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Ryanair Hails Victory in European Cabin Crew Court Case But That’s Only Half the Story

Ryanair Hails Victory in European Cabin Crew Court Case But That’s Only Half the Story

where the worker gets their instructions, where goods/passengers are loaded/unloaded, where the work tools are stored, where the work is organised/performed and where the worker returns to at the end of their duty should continue to be considered in conjunction with the home base as part of an overall assessment in determining jurisdiction.

There could be trouble brewing on the horizon for how Ryanair employs its cabin crew across Europe but the airline insists the “status quo” will remain.  It comes after the European Court of Justice today ruled on a case brought by a group of Belgium-based cabin crew led by the CTC Union.

The workers took their case to the highest court in Europe to argue for better employment conditions for Ryanair cabin crew.  At present, the airline’s workers are employed under Irish Contracts of Employment where the low-cost airline is based.  But Irish employment law is generally regarded as giving workers fewer rights.

In this case, the cabin crew and their union argued that because they work solely from a base in Belgium, their employment contracts should be written in accordance with Belgium law.  They also said any disputes should be handled by a local court  – the hope being that a Belgium contract and court would be more favourable to their needs than the Irish system.

Unfortunately, for the CTC union and its members, the court rejected their central request that a cabin crew’s home base should “be the sole determinant of what court jurisdiction can hear disputes on labour issues.”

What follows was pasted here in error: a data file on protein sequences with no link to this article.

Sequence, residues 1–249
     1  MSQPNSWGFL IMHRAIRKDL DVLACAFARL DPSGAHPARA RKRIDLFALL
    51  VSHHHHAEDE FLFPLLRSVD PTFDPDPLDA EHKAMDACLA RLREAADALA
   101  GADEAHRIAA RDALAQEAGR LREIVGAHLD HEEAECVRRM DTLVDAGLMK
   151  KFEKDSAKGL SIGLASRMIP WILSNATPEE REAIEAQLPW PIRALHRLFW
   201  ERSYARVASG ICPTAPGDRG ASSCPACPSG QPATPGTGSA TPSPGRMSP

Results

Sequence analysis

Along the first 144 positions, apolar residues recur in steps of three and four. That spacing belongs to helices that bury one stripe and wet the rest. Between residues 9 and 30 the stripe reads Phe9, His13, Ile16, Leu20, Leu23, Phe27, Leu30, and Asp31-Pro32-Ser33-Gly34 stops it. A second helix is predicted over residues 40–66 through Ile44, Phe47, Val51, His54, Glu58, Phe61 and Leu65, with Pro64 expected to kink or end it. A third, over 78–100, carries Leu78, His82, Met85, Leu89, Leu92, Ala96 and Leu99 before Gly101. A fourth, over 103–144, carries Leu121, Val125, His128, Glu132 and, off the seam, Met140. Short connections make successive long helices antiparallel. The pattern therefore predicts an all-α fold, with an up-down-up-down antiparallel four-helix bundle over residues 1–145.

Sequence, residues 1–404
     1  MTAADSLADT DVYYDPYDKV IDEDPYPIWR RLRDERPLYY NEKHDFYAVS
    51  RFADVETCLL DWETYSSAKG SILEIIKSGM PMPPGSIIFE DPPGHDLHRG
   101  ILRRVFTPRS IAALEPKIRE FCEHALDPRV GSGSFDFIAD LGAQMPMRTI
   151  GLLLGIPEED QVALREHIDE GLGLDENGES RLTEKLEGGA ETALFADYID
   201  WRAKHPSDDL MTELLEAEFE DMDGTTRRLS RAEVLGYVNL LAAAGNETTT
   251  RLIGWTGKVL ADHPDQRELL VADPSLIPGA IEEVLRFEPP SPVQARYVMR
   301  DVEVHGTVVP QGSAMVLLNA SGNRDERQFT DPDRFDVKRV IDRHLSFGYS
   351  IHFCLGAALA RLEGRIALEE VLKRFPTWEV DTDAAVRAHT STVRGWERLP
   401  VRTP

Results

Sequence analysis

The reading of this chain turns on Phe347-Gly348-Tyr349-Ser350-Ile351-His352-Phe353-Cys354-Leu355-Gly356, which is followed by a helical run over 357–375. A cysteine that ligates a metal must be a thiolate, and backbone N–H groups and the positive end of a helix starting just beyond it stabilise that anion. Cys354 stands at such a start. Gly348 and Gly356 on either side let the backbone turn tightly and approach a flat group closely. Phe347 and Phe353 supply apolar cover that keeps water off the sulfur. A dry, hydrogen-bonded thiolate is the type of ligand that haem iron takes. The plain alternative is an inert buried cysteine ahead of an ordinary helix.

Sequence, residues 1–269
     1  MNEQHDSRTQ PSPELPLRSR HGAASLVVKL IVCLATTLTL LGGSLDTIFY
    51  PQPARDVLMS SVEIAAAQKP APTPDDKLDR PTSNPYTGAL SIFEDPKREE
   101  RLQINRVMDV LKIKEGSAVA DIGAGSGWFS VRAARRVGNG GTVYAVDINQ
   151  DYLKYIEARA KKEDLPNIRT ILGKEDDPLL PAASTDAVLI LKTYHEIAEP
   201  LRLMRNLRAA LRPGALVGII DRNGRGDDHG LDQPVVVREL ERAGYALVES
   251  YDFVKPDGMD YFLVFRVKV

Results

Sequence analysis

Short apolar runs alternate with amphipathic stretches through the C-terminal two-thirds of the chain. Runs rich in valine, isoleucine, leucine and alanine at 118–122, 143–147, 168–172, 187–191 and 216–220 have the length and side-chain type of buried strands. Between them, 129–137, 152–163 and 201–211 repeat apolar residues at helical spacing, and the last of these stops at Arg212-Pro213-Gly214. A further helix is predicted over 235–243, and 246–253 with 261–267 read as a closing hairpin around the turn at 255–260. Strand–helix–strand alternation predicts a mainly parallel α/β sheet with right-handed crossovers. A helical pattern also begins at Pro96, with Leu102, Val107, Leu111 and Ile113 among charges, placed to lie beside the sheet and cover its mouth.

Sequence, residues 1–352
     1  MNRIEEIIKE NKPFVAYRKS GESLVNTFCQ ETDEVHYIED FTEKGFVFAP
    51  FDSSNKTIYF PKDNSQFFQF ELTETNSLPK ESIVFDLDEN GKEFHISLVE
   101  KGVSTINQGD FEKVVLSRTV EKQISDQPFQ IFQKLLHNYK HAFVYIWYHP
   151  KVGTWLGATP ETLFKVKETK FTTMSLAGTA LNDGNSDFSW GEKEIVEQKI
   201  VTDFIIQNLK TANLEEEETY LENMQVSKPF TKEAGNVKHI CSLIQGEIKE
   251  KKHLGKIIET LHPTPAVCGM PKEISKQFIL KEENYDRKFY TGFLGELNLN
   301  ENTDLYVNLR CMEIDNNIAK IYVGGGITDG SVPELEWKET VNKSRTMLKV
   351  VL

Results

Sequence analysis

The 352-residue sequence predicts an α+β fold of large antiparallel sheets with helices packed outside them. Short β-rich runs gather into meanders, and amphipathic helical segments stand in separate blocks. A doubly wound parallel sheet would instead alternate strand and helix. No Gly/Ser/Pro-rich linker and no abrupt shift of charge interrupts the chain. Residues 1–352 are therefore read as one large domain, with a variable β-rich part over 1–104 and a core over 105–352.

Ryanair was quick to react to the judgement, saying that the “status quo” would remain and that all its employees would continue to be hired under Irish employment contracts.  In its defence, the airline explained that Irish laws were based on EU directives which ensured a fair treatment of workers across all European Union members states.

The directives cover things like annual leave, maternity leave and sickness benefits – Ryanair said it complied with all these requirements under Irish law.  But what Ryanair fails to mention is that many the European Directives are the bare minimum – many countries have employments laws which provide far more protection and rights to employees.

“We do not believe this “Mons” ruling will in any way alter our Irish contracts of employment or the union rights which all of our people enjoy under the protection of the Irish Constitution,” commented Ryanair’s Chief People Officer Eddie Wilson.

But Ryanair isn’t completely out of the woods on this matter – because the European Court of Justice has said cabin crew can be subject to the employment law of the country they are based in as part of an overall assessment by a local court.

Factors that need to be considered, include:

  • Where the worker gets his or her instructions
  • Where the goods or passengers are loaded and unloaded,
  • Where the work tools are stored,
  • Where the work is organised or performed and
  • Where the worker returns to at the end of their duty

Ryanair could well be opening up a whole new can of worms here.  Expect the CTC union and other Ryanair cabin crew across Europe to start approaching their local courts.  The airline’s Irish employment contracts may have their days numbered.

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